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A Comic’s Arsenal – My Standard Stand-Up Equipment

November 22, 2010

Today’s Resource is about my personal weapons of choice in the war against frowning.


Let me tell you, I love how stand-up is sleek. You don’t need ANYTHING. Even the microphone, (which is almost always provided), isn’t required. You can just shout zestfully at people around ya.  To perform as a stand-up, you just literally need to bring yourself; and the clothes on your back if you don’t want to get confused for a rambling homeless man:

I try not to think about the bike seat.

Stand-up is in stark comparison to when I play with my band Apple Pi, where every gig I feel like this guy:

He must be carrying around Rita McNeil’s appetite.  (Burn)

We have to move drum kits, keyboards, amps, guitars, pedal boards, and more, to and from every show. A car is always required, gear must be loaded in and out hours before the performance, often down treacherous fire escapes.  To be honest, it’s a frigging bummer.  I just wanna play, know whum sayn?

So it’s nice when I have a stand-up gig to fly out of the house, no backpack, no car, nothing but me. That being said, this article is all about equipment, so you might be confused after this lengthy preamble.  My point is that none of the following items is REQUIRED for you to perform. But all of them will fit on your person, and come in very handy.

My standard equipment:
This is the stuff I carry in my pockets to every show. I guess I won’t ever be wearing skinny jeans in order to fit everything, but I didn’t want to be a hipster anyway, so it works out. Let’s break down the items:

1) Moleskein Notebook – Pocket sized

So many ways to write down my deep, deep thoughts…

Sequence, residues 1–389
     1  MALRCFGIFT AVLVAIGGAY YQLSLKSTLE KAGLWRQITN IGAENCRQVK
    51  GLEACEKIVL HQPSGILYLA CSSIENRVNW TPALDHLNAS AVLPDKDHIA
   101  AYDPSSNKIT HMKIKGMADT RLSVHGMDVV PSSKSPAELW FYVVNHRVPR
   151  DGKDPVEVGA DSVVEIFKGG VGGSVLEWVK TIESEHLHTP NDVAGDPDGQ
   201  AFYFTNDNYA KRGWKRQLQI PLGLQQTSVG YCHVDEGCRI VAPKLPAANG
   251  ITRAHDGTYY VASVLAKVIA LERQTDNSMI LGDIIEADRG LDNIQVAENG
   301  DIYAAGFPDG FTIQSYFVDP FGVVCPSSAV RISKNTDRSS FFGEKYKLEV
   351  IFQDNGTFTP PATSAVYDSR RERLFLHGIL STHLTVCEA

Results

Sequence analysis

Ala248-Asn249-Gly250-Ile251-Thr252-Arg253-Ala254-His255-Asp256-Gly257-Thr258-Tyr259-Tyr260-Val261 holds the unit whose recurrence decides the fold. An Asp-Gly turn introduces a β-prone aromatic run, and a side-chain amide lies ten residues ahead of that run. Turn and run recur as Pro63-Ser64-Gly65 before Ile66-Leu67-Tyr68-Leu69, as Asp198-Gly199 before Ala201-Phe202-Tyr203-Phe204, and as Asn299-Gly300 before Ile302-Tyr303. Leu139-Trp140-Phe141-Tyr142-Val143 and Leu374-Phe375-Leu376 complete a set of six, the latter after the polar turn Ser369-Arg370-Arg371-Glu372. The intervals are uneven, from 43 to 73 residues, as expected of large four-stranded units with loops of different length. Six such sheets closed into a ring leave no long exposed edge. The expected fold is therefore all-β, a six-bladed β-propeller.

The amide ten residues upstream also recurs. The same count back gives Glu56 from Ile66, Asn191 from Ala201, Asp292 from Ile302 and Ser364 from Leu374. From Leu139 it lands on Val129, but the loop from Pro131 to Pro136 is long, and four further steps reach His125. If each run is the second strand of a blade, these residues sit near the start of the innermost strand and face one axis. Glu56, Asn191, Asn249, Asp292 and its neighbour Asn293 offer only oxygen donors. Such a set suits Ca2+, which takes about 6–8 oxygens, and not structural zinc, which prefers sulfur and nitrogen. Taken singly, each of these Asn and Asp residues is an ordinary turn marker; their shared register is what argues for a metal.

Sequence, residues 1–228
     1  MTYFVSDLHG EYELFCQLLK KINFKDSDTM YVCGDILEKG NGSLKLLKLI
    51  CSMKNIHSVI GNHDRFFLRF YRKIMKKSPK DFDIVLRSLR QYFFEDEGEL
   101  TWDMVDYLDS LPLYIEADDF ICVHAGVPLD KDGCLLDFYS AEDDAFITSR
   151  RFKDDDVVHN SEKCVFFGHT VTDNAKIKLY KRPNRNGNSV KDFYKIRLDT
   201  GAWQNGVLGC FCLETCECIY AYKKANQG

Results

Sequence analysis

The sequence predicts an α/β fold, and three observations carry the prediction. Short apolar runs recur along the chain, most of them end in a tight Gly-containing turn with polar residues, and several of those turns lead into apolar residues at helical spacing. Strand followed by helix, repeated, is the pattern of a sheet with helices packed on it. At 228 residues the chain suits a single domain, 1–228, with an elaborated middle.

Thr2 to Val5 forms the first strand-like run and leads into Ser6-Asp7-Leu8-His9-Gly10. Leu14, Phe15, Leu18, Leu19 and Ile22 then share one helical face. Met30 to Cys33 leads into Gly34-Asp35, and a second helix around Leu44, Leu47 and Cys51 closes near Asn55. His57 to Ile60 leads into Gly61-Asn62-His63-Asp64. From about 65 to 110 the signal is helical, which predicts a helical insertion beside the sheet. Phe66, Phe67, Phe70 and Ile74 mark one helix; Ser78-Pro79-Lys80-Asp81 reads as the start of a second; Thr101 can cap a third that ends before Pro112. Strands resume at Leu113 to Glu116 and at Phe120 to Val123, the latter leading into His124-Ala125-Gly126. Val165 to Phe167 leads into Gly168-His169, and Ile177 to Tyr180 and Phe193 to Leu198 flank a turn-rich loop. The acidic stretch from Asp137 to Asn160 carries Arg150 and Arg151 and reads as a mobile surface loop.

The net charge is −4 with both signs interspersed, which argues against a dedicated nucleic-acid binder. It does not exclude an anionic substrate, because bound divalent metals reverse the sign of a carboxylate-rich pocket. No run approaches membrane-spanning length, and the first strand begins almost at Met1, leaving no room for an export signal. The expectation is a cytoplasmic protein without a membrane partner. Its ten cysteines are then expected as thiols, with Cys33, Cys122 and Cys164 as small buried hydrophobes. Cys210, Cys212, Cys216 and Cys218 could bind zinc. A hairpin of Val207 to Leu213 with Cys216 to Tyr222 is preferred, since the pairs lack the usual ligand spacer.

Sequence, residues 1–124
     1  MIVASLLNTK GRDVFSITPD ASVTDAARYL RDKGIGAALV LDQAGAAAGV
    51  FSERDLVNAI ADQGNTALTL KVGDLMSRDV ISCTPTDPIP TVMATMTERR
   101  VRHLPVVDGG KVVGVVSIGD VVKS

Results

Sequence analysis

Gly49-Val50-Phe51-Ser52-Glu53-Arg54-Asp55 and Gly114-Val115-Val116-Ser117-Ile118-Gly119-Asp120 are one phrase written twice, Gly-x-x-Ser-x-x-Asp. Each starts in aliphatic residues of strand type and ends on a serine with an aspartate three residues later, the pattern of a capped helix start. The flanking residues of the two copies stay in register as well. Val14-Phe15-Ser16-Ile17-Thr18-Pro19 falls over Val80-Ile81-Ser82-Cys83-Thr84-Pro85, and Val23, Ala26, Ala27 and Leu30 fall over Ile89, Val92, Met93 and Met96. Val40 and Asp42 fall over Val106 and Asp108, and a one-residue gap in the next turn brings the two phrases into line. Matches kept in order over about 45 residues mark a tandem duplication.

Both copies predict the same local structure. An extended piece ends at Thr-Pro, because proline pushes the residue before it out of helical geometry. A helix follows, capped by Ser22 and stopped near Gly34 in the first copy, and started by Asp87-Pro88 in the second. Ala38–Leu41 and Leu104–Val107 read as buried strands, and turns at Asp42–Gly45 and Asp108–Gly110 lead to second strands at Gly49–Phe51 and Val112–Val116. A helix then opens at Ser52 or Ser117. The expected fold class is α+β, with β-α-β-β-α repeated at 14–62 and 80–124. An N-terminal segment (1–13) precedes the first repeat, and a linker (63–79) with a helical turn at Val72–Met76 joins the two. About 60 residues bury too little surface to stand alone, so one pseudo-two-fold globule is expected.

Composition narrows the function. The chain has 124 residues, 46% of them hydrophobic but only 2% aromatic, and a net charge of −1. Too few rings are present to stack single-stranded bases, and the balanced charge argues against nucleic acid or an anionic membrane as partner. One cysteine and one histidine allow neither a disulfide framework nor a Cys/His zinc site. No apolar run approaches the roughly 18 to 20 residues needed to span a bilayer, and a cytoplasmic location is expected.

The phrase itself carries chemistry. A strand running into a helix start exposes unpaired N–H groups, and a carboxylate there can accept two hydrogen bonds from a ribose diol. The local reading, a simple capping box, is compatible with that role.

Normally I don’t buy into brand-based stuff, and Moleskein notebooks are just about as iconic and pretentious as it gets. But this is one product where the hype is backed up by quality. These books are sturdy, fit perfectly into your back pocket, are easy to write in, and even have rip-outtable pages. Also they’re available in lined or blank page format.

Sure they’re a little more expensive, but I think it’s worth the cost, having experimented with crappy dollar-store notebooks that fell apart after a week. You can find them at any art supply store or Chapters, about 8 bucks for three notebooks. Or you can do what I do, and ask for a whole bunch for your birthday.

2) Camera – Nikon Coolpix S200

I am a camera that looks cool but disappoints.  Kind of like Canada’s Navy.

I’m not the boss of you, but my advice is to ALWAYS record your set.  Yes, it’s a pain in the ass to find a spot to put your camera.  Yes, you look like a lame keener when you’re the only one recording sets at a crappy open mike.  Do it anyway.  I could go on and on about how reviewing your sets will help you tighten up wording, show you repetitive errors like ums and ahs, tweak physical gestures, timing, and generally get better.  When Lenny Bruce was doing stand-up, it was a huge investment to video-tape his sets.  A whole generation of comics just didn’t bother because it was too hard or expensive.  These days, for about 200 dollars all in if you’re a savvy shopper, you can record and review every set, which will speed up your development.

I use a Nikon Coolpix S200 camera, and I do NOT recommend it unless you are hard up for cash. It takes kind of garbage pictures in low light, and has several aspects that annoy the heck out of me. However, it is good for the following: it’s small, easily fits in a jeans pocket, it’s sturdy, has a nice big view screen, and takes decent video (most of my stand up videos featured on the blog are taken with it, to give you an idea).

Some things to consider when you buy a camera:

Memory – A four gigabyte memory card ensures that I as long as I’m not going too nuts with photos in between, I can record all my sets for about a month before I’ve got to dump onto a hard drive.
-Sound quality – some microphones will take a wide angle capture, which means you’ll hear more of the audience than your act.  A directional mike is preferable.
Zoom – some cameras don’t have zoom in video mode, though it’s pretty common these days.  It’s good to have a little maneuverability in this area.
Battery life – Not so much length of the life, but does the camera tell you it’s about to run out seconds before it does, or will you have an opportunity to film your set before it conks if the low battery indicator comes on?  My Nikon is just forgiving enough to yield a 5 minute video after the low battery light warning activates.